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Toast and Counter Toast

October 14, 2014

In 1810 South Carolina Congressman John C. Calhoun supported protective tariffs.  By 1827 Vice President Calhoun had changed his mind about the tariff.  As a Congressman, Calhoun was a supporter of the Union, but as Vice President he championed states’ rights.

On April 13, 1830 President Jackson and Vice President Calhoun each offered a toast at the Jefferson Day dinner.  When Jackson toasted the Union, Calhoun countered by toasting liberty above Union.  However, Calhoun’s notion of liberty pertained to the preservation of slavery in a republic of plantation owners.  Calhoun firmly believed and directly stated: “There cannot be a durable republic without slavery.” (Calhoun to Horace Binney, 1834)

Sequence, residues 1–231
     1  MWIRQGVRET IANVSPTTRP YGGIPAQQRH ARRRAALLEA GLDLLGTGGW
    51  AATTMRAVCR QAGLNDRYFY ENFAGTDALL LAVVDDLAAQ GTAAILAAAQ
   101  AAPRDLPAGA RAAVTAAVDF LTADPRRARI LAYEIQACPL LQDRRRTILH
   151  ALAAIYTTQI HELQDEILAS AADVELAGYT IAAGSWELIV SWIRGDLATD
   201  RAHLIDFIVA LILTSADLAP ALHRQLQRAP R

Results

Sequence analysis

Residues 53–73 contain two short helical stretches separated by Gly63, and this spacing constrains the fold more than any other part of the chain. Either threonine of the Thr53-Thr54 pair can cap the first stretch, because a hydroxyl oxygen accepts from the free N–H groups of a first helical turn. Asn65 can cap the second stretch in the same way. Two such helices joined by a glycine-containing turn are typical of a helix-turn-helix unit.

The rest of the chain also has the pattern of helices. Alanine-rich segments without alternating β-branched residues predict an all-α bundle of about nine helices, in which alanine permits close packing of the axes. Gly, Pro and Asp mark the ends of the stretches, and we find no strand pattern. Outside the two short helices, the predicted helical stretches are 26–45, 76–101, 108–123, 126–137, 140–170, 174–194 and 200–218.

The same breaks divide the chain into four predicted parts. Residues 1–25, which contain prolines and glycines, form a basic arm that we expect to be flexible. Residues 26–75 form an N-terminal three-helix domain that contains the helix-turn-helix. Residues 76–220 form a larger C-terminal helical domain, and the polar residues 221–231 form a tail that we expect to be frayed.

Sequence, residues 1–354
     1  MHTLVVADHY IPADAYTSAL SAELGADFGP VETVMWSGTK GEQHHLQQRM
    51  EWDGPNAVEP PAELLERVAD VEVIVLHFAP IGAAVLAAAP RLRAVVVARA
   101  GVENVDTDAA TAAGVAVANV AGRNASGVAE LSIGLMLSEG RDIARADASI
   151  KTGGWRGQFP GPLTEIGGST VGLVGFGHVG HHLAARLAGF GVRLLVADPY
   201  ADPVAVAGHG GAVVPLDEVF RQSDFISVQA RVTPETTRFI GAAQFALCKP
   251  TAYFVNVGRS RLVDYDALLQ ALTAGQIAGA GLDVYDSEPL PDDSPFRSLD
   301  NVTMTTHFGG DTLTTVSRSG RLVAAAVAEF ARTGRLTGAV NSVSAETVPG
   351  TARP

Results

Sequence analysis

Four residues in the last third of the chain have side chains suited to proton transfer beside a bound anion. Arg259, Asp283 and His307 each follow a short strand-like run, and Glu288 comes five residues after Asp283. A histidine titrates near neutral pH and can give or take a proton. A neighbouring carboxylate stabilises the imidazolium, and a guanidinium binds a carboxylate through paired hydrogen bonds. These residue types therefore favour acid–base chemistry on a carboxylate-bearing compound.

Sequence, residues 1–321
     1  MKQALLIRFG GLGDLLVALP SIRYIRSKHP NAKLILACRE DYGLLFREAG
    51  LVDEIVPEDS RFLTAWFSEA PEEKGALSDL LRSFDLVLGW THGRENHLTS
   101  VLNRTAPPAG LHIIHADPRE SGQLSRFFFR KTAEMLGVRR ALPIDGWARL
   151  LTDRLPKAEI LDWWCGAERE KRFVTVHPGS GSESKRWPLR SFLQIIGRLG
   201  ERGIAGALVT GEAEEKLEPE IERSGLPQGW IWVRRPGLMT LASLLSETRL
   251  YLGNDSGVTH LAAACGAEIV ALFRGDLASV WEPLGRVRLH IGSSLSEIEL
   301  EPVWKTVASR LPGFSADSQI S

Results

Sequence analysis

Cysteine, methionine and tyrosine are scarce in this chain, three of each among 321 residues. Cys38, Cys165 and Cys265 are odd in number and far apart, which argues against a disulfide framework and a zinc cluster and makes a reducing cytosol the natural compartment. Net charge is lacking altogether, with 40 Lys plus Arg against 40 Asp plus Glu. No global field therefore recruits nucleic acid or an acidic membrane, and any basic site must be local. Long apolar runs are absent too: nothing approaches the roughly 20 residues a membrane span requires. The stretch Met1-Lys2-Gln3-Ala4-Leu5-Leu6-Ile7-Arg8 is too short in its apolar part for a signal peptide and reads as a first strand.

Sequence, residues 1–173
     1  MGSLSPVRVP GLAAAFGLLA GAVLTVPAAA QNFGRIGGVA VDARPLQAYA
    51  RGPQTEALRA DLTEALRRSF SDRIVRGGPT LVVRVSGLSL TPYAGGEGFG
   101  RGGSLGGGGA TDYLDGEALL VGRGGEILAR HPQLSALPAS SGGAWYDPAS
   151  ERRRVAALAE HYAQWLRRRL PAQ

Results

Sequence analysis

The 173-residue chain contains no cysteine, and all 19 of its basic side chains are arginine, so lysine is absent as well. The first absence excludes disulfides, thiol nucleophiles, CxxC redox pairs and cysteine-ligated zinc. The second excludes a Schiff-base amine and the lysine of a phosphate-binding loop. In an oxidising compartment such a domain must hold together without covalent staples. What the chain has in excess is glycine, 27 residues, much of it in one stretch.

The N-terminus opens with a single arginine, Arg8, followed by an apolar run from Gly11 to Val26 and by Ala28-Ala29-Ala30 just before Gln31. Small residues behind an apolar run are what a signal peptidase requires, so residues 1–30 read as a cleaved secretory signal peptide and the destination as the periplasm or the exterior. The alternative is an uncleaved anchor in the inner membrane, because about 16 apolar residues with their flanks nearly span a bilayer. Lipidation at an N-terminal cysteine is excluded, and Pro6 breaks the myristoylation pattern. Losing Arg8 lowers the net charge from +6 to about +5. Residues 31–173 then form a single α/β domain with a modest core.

Eight years after Calhoun’s death a Senatorial candidate from Illinois would argue the exact opposite case in a series of seven debates.  He would not be elected Senator in 1858, but two years later he would be elected President, and shortly after that election South Carolina would be the first state to secede from the Union.

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